param.blockNumbers must be a list of non-negative integers, the i -th element of which specifies the number of blocks whose size is equal to param.blockSizes[i ] (in each design in each partition in PL). The length of param.blockNumbers must equal that of param.blockSizes, and at least one entry of param.blockNumbers must be positive. param.blockIntersectionNumbers must be a symmetric matrix of sets of non-negative integers, the [i ][j ]element of which specifies the set of possible sizes for the intersection of a block B of size param.blockSizes[i ] with a different block (but possibly a repeat of B ) of size param.blockSizes[j ] (in each design in each partition in PL). In the case of multisets, we take the multiplicity of an element in the intersection to be the minimum of its multiplicities in the multisets being intersected; for example, the intersection of [1,1,1,2,2,3] with [1,1,2,2,2,4] is [1,1,2,2], having size 4. The dimension of param.blockIntersectionNumbers must equal the length of param.blockSizes. param.blockMaxMultiplicities must be a list of non-negative integers, the i -th element of which specifies an upper bound on the multiplicity of a block whose size is equal to param.blockSizes[i ] (for each design in each partition in PL). The length of param.blockMaxMultiplicities must equal that of param.blockSizes. param.isoGroup must be a subgroup of the automorphism group of param.blockDesign. We consider two elements of PL to be equivalent if they are in the same orbit of param.isoGroup (in its action on multisets of block multisets). The default for param.isoGroup is the automorphism group of param.blockDesign. param.requiredAutSubgroup must be a subgroup of param.isoGroup, and specifies that each partition in PL must be invariant under param.requiredAutSubgroup (in its action on multisets of block multisets). The default for param.requiredAutSubgroup is the trivial permutation group. param.isoLevel must be 0, 1, or 2 (the default is 2). The value 0 specifies that PL will contain at most one partition, and will contain one partition with the required properties if and only if such a partition exists; the value 1 specifies that PL will contain (perhaps properly) a list of param.isoGroup orbit-representatives of the required partitions; the value 2 specifies that PL will consist precisely of param.isoGroup-orbit representatives of the required partitions. For an example, we first classify up to isomorphism the 2-(15,3,1) designs invariant under a semi-regular group of automorphisms of order 5, and then use PartitionsIntoBlockDesigns to classify all the resolutions of these designs, up to the actions of the respective automorphism groups of the designs. gap> DL:=BlockDesigns(rec( > v:=15,blockSizes:=[3], > tSubsetStructure:=rec(t:=2,lambdas:=[1]), > requiredAutSubgroup:= > Group((1,2,3,4,5)(6,7,8,9,10)(11,12,13,14,15))));; gap> List(DL,D->Size(AutGroupBlockDesign(D))); [ 20160, 5, 60 ] gap> PL:=PartitionsIntoBlockDesigns(rec( > blockDesign:=DL[1], > v:=15,blockSizes:=[3], > tSubsetStructure:=rec(t:=1,lambdas:=[1]))); [ rec( partition := [ rec( isBlockDesign := true, v := 15, blocks := [ [ 1, 2, 6 ], [ 3, 4, 8 ], [ 5, 7, 14 ], [ 9, 12, 15 ], [ 10, 11, 13 ] ] ), rec( isBlockDesign := true, v := 15, blocks := [ [ 1, 3, 11 ], [ 2, 4, 12 ], [ 5, 6, 8 ], [ 7, 13, 15 ], [ 9, 10, 14 ] ] ), rec( isBlockDesign := true, v := 15, blocks := [ [ 1, 4, 14 ], [ 2, 5, 15 ], [ 3, 10, 12 ], [ 6, 7, 11 ],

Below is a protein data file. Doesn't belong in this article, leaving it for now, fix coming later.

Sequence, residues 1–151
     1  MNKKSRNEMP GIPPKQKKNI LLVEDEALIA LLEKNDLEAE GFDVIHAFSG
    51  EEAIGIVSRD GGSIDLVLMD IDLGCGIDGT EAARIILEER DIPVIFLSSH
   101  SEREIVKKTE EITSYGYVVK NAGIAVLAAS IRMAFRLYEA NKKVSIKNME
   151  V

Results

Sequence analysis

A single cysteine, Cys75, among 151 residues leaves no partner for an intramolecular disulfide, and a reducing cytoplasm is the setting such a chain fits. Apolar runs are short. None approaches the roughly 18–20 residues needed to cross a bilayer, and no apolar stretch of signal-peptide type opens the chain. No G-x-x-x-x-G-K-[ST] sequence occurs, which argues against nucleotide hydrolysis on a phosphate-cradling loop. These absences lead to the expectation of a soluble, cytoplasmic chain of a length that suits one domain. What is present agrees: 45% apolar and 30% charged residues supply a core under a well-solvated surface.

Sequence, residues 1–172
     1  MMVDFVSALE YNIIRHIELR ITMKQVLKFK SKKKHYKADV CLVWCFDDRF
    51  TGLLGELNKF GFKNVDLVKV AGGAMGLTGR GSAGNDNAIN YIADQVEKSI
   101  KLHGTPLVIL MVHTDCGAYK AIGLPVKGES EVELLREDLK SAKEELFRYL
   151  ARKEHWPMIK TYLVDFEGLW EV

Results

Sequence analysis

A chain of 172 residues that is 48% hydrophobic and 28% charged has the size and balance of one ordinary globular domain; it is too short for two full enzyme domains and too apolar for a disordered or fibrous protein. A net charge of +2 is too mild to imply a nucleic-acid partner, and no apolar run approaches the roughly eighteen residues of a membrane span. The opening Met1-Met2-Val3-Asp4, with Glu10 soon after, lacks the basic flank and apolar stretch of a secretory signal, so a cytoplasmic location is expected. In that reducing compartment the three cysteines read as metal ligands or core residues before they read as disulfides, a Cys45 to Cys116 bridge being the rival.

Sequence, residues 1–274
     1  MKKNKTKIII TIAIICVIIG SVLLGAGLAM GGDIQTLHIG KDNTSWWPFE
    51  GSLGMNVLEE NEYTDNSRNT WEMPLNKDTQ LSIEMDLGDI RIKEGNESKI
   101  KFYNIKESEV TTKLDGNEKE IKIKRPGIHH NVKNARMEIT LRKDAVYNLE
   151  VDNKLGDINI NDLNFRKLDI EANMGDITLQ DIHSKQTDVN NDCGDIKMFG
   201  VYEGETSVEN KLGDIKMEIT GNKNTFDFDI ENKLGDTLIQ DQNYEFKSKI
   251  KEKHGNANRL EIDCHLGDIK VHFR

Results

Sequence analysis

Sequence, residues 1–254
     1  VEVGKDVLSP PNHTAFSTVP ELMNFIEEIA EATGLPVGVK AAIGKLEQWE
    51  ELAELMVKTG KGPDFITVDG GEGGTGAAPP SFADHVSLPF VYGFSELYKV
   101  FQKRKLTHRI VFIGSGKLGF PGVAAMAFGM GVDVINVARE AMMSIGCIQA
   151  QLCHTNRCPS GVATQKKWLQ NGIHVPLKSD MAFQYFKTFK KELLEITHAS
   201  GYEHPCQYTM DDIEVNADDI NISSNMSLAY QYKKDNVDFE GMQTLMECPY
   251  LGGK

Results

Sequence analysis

Section 1. Partitioning a block design into block designs [ 8, 9, 13 ] ] ), rec( isBlockDesign := true, v := 15, blocks := [ [ 1, 5, 10 ], [ 2, 9, 11 ], [ 3, 14, 15 ], [ 4, 6, 13 ], [ 7, 8, 12 ] ] ), rec( isBlockDesign := true, v := 15, blocks := [ [ 1, 7, 9 ], [ 2, 8, 10 ], [ 3, 5, 13 ], [ 4, 11, 15 ], [ 6, 12, 14 ] ] ), rec( isBlockDesign := true, v := 15, blocks := [ [ 1, 8, 15 ], [ 2, 13, 14 ], [ 3, 6, 9 ], [ 4, 7, 10 ], [ 5, 11, 12 ] ] ), rec( isBlockDesign := true, v := 15, blocks := [ [ 1, 12, 13 ], [ 2, 3, 7 ], [ 4, 5, 9 ], [ 6, 10, 15 ], [ 8, 11, 14 ] ] ) ], autGroup := Group([ (1,10)(2,11)(3,8)(6,13)(7,14)(12,15), (1,13)(2,11)(3,14)(4,5)(6,10)(7,8), (1,13,7)(2,11,5)(6,10,14)(9,12,15), (2,11,5,15,4,9,12)(3,10,8,14,7,13,6) ]) ), rec( partition := [ rec( isBlockDesign := true, v := 15, blocks := [ [ 1, 2, 6 ], [ 3, 4, 8 ], [ 5, 7, 14 ], [ 9, 12, 15 ], [ 10, 11, 13 ] ] ), rec( isBlockDesign := true, v := 15, blocks := [ [ 1, 3, 11 ], [ 2, 4, 12 ], [ 5, 6, 8 ], [ 7, 13, 15 ], [ 9, 10, 14 ] ] ), rec( isBlockDesign := true, v := 15, blocks := [ [ 1, 4, 14 ], [ 2, 5, 15 ], [ 3, 10, 12 ], [ 6, 7, 11 ], [ 8, 9, 13 ] ] ), rec( isBlockDesign := true, v := 15, blocks := [ [ 1, 5, 10 ], [ 2, 13, 14 ], [ 3, 6, 9 ], [ 4, 11, 15 ], [ 7, 8, 12 ] ] ), rec( isBlockDesign := true, v := 15, blocks := [ [ 1, 7, 9 ], [ 2, 8, 10 ], [ 3, 14, 15 ], [ 4, 6, 13 ], [ 5, 11, 12 ] ] ), rec( isBlockDesign := true, v := 15, blocks := [ [ 1, 8, 15 ], [ 2, 9, 11 ], [ 3, 5, 13 ], [ 4, 7, 10 ], [ 6, 12, 14 ] ] ), rec( isBlockDesign := true, v := 15, blocks := [ [ 1, 12, 13 ], [ 2, 3, 7 ], [ 4, 5, 9 ], [ 6, 10, 15 ], [ 8, 11, 14 ] ] ) ], autGroup := Group([ (1,15)(2,9)(3,4)(5,7)(6,12)(10,13), (1,12)(2,9)(3,5)(4,7)(6,15)(8,14), (1,14)(2,5)(3,8)(6,7)(9,12)(10,13), (1,8,10)(2,5,15)(3,14,13)(4,9,12) ]) ) ] gap> List(PL,resolution->Size(resolution.autGroup)); [ 168, 168 ] gap> PL:=PartitionsIntoBlockDesigns(rec( > blockDesign:=DL[2], > v:=15,blockSizes:=[3], > tSubsetStructure:=rec(t:=1,lambdas:=[1]))); [ ] gap> PL:=PartitionsIntoBlockDesigns(rec( > blockDesign:=DL[3], > v:=15,blockSizes:=[3],